Burns says ‘explicit’ things to audience in Pottle

Dr. Joe Burns did his part in Fanfare’s Then and Now lecture series, touching on the subject of explicit lyrics in rock ‘n’ roll, the roots of the Federal Radio Commission (FRC) and the Parent Music Resource Center’s (PMRC) “Filthy Fifteen.”

Burns started off the fifth installment of the Then and Now lecture series with a humorous disclaimer with censored words that may be heard during the lecture. He then talked about the Miller Test and described the changing meaning of obscenity over time.

“What is obscene is actually changing over time. What is obscene today is not what was obscene in the 1940s,” said Burns.

He went on to list several songs, including Dean Martin’s 1951 hit “Wham! Bam! Thank you Ma’am!” Other songs included were Barry McGuire’s “Eve of Destruction” and George Michael’s “I Want Your Sex.”

Burns then moved his attention to the PMRC and the push to utilize a parental advisory label on records deemed as obscene. The creators of the PMRC were Tipper Gore, wife of former Vice-President Al Gore, Susan Baker, wife of Treasury Secretary James Baker, PMRC President Pam Howar and Sally Nevius, wife of former Washington City Council Chairman John Nevius.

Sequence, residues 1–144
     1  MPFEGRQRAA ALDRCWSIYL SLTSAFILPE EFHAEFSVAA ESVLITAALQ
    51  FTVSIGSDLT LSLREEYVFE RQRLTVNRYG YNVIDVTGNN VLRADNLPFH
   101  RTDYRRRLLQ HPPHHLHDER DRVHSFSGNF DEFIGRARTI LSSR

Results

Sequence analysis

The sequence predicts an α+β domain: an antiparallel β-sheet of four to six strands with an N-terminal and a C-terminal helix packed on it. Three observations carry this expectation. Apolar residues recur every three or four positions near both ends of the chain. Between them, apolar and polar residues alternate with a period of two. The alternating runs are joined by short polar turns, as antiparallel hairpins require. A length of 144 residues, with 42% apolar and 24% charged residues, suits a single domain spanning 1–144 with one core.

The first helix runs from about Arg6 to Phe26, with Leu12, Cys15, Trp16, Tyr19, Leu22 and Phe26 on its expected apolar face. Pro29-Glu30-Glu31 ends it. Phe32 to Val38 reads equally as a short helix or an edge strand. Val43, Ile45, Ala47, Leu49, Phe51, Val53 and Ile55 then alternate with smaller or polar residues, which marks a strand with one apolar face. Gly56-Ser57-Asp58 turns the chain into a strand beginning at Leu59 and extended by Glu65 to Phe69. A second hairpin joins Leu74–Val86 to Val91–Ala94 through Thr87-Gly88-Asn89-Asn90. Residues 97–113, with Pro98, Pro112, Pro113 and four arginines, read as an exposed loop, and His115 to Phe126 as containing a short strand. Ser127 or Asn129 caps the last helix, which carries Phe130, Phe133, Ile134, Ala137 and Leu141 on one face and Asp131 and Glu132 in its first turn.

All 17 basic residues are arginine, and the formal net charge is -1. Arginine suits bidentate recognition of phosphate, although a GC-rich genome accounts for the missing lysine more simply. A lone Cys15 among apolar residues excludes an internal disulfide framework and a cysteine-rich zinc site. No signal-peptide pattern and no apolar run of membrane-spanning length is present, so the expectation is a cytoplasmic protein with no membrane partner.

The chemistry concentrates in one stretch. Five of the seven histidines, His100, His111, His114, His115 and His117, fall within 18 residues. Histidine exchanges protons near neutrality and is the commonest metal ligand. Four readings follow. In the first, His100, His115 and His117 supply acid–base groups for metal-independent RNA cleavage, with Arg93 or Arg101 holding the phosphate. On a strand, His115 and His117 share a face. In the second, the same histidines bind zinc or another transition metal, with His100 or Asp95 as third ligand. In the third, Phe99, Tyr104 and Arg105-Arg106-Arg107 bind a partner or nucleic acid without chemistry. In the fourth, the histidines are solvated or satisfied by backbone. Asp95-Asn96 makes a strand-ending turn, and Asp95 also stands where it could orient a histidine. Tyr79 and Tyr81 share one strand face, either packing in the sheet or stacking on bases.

“Four women came a gnat’s breath away from controlling exactly what we listen to,” said Burns, on the four founders of the PMRC.

According to Burns, the PMRC established a list of the 15 most obscene songs in 1985. The list, dubbed the “Filthy Fifteen,” hosted songs by bands and artists such as Prince, AC/DC, Madonna and Sheena Easton.

Burns focused on Twisted Sister front man Dee Snider, singer John Denver and musician Frank Zappa as the three main figures that spearheaded the movement against the PMRC. Although many musicians opposed the PMRC, Mike Love of the Beach Boys donated $5,000 as a start-up for the PMRC.

Burns furthered his argument by comparing his feelings to the subject then as compared to now.

“I have a five and seven-year-old. Pretty soon, music is going to be all-encompassing to them, as it does  for every person,” said Burns.  “I have to realize that it’s me, the father that has to be there for them, not some governmental agency. I need to make sure of what they’re listening to and I have to realize that every so often something’s going to get through.”

Some students felt much more informed after leaving the lecture.

“I liked it. I have a new respect for John Denver now,” said freshman communication major Joey King. “It was just really interesting. He’s a great speaker.”